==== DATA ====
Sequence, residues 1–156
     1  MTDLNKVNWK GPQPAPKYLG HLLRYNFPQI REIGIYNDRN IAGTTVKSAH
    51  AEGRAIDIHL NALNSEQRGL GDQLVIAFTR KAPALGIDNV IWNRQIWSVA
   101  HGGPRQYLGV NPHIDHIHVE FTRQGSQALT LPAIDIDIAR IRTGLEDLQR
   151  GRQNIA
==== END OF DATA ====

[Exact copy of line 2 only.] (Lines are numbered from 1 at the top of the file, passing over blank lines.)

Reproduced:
     1  MTDLNKVNWK GPQPAPKYLG HLLRYNFPQI REIGIYNDRN IAGTTVKSAH